Congenital heart disease medical therapy

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Congenital heart disease Microchapters


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Differentiating Congenital heart disease from other Disorders

Epidemiology and Demographics

Risk Factors

Natural History, Complications and Prognosis


Diagnostic Criteria

History and Symptoms

Physical Examination

Laboratory Findings


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Prenatal Ultrasound

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Medical Therapy





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Editor-In-Chief: C. Michael Gibson, M.S., M.D. [1] Associate Editor(s)-in-Chief: Kalsang Dolma, M.B.B.S.[2]

Medical Therapy

Sometimes CHD improves with no treatment necessary. At other times the defect is so small and does not require any treatment. Most of the time CHD is serious and requires surgery and/or medications. Medications include diuretics, which aid the baby in eliminating water, salts, and digoxin and in strengthening the contraction of the heart. This slows the heartbeat and removes some fluid from tissues.

2008 ACC/AHA Guidelines for the Management of Adults With Congenital Heart Disease (DO NOT EDIT)[1]

Recommendations for Delivery of Care and Ensuring Access (DO NOT EDIT)[1]

Class I
"1. The focus of current healthcare access goals for adult congenital heart disease (ACHD) patients should include the following:"
"a. Strengthening organization of and access to transition clinics for adolescents and young adults with congenital heart disease (CHD), including funding of allied healthcare providers to provide infrastructure comparable to that provided for children with CHD. (Level of Evidence: C)"
"b. Organization of outreach and education programs for patients, their families, and caregivers to recapture patients leaving pediatric supervisory care or who are lost to follow-up. Such programs can determine when and where further intervention is required. (Level of Evidence: C)"
"c. Enhanced education of adult cardiovascular specialists and pediatric cardiologists in the pathophysiology and management of ACHD patients. (Level of Evidence: C)"
"d. A liaison with regulatory agencies at the local, regional, state, and federal levels to create programs commensurate with the needs of this large cardiovascular population. (Level of Evidence: C)"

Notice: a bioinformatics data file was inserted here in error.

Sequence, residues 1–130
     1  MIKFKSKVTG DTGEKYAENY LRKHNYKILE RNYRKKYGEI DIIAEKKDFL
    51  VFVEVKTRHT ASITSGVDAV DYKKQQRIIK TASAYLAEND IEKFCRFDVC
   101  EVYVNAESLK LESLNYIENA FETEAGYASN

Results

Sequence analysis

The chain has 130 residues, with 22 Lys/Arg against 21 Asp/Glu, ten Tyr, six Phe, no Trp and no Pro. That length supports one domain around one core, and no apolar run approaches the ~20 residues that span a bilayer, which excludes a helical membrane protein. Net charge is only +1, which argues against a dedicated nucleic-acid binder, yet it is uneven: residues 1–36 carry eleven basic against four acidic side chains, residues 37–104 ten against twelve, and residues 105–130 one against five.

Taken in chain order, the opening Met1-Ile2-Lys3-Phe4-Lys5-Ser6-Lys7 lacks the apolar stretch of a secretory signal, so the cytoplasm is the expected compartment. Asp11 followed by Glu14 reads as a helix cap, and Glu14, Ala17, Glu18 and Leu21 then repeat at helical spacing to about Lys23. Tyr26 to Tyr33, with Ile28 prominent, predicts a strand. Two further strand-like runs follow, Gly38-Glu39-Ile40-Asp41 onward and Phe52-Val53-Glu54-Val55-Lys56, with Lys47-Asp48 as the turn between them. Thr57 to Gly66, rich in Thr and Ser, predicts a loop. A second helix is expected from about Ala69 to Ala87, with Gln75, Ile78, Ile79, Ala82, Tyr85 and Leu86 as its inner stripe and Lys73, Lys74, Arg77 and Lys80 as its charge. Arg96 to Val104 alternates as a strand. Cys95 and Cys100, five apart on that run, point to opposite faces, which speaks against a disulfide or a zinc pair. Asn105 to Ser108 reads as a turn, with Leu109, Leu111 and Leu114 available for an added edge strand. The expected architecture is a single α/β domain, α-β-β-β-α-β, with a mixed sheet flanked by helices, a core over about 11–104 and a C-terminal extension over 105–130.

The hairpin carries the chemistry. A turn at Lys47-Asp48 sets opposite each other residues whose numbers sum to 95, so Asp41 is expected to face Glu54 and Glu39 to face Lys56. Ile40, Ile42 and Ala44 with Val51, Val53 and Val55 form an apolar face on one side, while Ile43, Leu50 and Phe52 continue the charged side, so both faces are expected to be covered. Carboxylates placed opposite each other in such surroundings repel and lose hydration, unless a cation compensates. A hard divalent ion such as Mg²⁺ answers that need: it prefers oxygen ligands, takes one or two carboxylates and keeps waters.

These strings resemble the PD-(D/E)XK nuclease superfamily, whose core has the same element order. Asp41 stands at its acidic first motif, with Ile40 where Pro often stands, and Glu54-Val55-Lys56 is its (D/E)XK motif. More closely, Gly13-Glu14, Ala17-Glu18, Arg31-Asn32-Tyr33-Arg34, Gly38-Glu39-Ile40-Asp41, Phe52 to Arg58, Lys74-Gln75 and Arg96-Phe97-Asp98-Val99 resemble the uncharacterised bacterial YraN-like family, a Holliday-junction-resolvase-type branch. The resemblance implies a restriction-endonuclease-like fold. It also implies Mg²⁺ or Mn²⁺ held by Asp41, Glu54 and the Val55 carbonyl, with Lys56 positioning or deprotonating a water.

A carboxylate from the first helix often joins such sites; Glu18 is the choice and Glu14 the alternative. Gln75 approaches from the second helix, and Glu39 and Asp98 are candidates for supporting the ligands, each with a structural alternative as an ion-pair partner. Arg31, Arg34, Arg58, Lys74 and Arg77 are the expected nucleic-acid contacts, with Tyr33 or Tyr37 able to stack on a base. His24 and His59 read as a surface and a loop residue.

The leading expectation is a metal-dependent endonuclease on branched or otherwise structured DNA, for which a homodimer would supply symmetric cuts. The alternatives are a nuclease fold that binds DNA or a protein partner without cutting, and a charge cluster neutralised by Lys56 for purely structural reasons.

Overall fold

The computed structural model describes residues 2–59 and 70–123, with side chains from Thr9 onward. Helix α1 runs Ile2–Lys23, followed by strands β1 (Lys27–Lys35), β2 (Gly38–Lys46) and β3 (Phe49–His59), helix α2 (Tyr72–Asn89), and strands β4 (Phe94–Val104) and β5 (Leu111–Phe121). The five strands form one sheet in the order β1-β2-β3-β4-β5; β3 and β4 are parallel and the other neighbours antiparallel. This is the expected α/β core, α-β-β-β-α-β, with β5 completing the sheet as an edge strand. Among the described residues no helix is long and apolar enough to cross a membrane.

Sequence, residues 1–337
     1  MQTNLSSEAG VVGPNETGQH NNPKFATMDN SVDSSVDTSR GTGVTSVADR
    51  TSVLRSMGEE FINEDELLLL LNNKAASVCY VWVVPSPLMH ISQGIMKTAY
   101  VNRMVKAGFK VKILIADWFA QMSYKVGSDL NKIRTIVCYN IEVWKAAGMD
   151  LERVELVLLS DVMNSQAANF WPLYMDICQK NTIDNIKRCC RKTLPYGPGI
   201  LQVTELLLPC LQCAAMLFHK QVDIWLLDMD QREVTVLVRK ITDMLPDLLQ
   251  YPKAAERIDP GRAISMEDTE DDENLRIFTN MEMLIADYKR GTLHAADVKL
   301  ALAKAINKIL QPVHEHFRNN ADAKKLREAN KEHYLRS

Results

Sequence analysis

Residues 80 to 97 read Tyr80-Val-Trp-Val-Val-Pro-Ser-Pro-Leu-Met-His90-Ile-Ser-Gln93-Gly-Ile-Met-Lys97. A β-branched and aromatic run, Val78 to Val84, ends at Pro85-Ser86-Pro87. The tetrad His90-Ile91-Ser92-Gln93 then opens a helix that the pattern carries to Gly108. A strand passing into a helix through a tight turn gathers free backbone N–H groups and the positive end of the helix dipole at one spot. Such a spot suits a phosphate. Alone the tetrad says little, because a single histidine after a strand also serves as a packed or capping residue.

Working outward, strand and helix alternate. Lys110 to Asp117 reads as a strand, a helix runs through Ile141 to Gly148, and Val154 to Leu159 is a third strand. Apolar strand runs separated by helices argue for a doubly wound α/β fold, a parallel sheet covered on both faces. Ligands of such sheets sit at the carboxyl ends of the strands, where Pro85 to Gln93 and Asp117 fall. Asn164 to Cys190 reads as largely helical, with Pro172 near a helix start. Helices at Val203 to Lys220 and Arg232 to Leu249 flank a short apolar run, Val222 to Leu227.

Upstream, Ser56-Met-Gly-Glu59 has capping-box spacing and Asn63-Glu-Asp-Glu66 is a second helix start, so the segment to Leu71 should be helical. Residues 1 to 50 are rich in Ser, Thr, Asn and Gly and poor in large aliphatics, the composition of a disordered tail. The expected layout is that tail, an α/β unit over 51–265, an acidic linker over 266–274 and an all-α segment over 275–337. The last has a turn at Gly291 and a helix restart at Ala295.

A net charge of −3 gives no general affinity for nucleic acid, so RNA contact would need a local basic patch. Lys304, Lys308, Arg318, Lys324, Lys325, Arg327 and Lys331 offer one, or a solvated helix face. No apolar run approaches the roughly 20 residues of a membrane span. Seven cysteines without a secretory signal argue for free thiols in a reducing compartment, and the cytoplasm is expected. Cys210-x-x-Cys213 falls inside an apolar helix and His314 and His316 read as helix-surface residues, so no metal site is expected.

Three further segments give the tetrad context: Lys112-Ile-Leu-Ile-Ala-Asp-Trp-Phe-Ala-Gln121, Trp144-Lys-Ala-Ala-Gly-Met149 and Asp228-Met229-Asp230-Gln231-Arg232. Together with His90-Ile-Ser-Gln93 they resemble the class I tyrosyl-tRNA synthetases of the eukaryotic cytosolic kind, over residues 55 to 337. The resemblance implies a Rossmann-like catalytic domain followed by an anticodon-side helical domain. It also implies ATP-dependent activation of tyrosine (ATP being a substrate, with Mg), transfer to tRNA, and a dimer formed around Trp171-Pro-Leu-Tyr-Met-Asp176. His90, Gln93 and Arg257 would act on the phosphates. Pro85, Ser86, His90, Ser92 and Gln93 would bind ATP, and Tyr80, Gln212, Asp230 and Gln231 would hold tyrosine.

"2. Health care for ACHD patients should be coordinated by regional ACHD centers of excellence that would serve as a resource for the surrounding medical community, affected individuals, and their families."
"a. Every academic adult cardiology/cardiac surgery center should have access to a regional ACHD center for consultation and referral. (Level of Evidence: C)"
"b. Each pediatric cardiology program should identify the ACHD center to which the transfer of patients can be made. (Level of Evidence: C)"
"c. All emergency care facilities should have an affiliation with a regional ACHD center. (Level of Evidence: C)"
"3. ACHD patients should carry a complete medical "passport" that outlines specifics of their past and current medical history, as well as contact information for immediate access to data and counsel from local and regional centers of excellence. (Level of Evidence: C)"
"4. Care of some ACHD patients is complicated by additional special needs, including but not restricted to intellectual incapacities or psychosocial limitations that necessitate the inclusion of designated healthcare guardians in all medical decision making. (Level of Evidence: C)"
"5. Every ACHD patient should have a primary care physician. To ensure and improve communication, current clinical records should be on file with the primary care physician and a local cardiovascular specialist, as well as at a regional ACHD center; patients should also have copies of relevant records. (Level of Evidence: C)"
"6. Every cardiovascular family caregiver should have a referral relationship with a regional ACHD center so that all patients have geographically accessible care. (Level of Evidence: C)"

Access to Care (DO NOT EDIT)[1]

Class I
"1. An individual primary caregiver or cardiologist without specific training and expertise in ACHD should manage the care of adults with complex and moderate CHD only in collaboration with level 2 or level 3 ACHD specialists.[2] (Level of Evidence: C) "
"2. For ACHD patients in the lowest-risk group, cardiac follow-up at a regional ACHD center is recommended at least once to formulate future needs for follow-up. (Level of Evidence: C)"
"3. Frequent follow-up (generally every 12 to 24 months) at a regional ACHD center is recommended for the larger group of adults with complex and moderate CHD. A smaller group of adults with very complex CHD will require follow-up at a regional ACHD center at a minimum of every 6 to 12 months. (Level of Evidence: C)"